The formerly secure enclaves of R&D are being cracked open by a new awareness that staying within the walls of our own thinking may not bring the needed depth and variety of inputs. The power of the outside-in process is now widely understood. (This is not a new insight – in 1998 Eric von Hippel pointed out, in his book The Sources of Innovation, that in some industries more than 80 percent of innovations come from customers.)
Eli Lilly and Company
Many other companies that maintain huge R&D departments are also leveraging outsider insights and capabilities. An online tool recently launched by Eli Lilly and Company called Innocentive matches scientists from around the world with specific problems that large companies pay them to solve. There are more than 70,000 of these scientists in 150 countries, many of whom participate in vast, national networks of highly trained specialists in Russia, India and China. Innocentive refers to this process as “distributed innovation,” and Lilly cites a case study in which a retired chemist solved a challenging problem for the company and was paid $25,000 for the solution, far less than it would have cost Lilly to obtain the same result using internal resources. This process is also referred to as “open innovation.”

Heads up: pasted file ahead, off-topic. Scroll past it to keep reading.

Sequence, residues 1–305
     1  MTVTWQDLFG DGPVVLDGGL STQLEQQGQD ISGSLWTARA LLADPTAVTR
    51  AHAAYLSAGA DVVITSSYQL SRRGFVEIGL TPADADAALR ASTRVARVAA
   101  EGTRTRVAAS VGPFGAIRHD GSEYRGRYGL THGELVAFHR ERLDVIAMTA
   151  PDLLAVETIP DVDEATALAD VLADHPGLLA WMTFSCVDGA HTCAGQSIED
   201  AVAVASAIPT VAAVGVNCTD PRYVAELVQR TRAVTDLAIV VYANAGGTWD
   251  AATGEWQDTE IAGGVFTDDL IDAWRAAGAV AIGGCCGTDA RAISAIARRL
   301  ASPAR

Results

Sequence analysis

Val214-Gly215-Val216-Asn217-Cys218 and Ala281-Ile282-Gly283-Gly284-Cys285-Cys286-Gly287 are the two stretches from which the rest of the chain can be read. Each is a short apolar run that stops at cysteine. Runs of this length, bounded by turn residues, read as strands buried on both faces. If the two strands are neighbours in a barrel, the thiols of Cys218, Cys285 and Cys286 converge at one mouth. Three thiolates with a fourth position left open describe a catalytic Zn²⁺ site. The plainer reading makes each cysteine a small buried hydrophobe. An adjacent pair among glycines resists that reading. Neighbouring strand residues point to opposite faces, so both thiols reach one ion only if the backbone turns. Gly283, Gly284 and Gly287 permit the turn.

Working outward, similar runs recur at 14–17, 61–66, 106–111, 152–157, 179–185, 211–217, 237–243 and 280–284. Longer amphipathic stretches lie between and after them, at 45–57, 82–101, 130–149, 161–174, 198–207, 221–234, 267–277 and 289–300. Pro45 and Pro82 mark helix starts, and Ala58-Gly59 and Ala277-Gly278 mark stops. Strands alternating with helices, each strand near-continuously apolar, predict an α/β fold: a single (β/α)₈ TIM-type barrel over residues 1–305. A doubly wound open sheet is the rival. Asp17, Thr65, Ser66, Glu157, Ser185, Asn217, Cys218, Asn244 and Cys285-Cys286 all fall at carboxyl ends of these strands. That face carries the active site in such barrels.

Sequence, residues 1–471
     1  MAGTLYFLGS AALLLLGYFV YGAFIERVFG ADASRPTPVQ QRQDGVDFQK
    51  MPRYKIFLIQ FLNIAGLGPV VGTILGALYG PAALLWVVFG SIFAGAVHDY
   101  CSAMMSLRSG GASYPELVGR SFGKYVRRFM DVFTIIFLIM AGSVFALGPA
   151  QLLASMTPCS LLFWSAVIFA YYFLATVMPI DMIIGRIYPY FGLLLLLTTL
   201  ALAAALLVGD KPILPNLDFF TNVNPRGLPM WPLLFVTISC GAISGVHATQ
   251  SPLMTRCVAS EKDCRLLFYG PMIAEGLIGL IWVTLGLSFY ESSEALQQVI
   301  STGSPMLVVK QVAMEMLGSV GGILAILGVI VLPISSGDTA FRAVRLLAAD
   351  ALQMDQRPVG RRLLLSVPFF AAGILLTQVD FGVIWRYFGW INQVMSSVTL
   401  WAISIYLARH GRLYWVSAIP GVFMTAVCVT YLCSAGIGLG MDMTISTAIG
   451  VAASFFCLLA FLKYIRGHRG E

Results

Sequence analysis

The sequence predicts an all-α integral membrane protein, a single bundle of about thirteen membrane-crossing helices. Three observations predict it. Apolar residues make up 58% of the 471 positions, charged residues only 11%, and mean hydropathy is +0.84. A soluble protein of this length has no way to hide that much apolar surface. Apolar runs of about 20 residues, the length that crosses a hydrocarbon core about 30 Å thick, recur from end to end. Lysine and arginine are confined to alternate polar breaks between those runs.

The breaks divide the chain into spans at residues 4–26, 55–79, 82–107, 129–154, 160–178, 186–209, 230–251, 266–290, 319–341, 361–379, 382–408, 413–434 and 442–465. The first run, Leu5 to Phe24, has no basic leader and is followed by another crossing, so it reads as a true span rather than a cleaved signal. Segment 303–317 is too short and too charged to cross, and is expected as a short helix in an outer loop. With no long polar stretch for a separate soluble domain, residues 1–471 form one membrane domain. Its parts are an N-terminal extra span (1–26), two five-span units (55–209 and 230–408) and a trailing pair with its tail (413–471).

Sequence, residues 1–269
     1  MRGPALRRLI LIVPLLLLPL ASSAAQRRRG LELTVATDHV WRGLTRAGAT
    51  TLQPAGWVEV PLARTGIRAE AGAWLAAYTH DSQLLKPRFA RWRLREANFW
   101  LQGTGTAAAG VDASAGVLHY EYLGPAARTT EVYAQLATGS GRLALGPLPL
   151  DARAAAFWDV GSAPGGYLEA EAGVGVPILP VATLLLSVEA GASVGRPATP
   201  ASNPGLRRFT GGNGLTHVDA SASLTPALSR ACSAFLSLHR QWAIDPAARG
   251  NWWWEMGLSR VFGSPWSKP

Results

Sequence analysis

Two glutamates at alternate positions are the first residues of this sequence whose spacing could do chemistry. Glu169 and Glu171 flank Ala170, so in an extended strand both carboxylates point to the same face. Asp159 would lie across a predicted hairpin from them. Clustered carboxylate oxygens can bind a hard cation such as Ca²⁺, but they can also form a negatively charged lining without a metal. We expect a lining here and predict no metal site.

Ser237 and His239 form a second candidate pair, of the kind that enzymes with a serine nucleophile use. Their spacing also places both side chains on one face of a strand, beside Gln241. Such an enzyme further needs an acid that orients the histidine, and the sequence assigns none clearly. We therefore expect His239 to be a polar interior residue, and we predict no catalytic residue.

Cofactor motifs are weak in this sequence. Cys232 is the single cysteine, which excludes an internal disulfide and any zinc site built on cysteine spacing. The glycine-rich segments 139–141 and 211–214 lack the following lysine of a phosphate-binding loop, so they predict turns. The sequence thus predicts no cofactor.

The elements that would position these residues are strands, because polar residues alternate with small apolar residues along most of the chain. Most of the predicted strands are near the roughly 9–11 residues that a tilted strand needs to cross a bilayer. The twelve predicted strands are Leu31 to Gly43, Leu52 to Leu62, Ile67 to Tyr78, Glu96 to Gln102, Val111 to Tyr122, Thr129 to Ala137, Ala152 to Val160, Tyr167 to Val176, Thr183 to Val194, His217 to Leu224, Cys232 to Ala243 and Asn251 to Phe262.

The advent of outside-in processes has been driven largely by the Internet, which makes it possible for individuals and companies to interact with a broad external community of people. Websites, blogs, chat, instant messaging and email are making virtual communities into effective work teams that link insiders with outsiders.
Another compelling example of outside-in innovation is the South Korean cosmetics company Missha. Missha began in 1998 as a wholesale manufacturer of high quality cosmetics that sold at prices far lower than many of its competitors. Today the company has more than 500 products that sell for less than five dollars.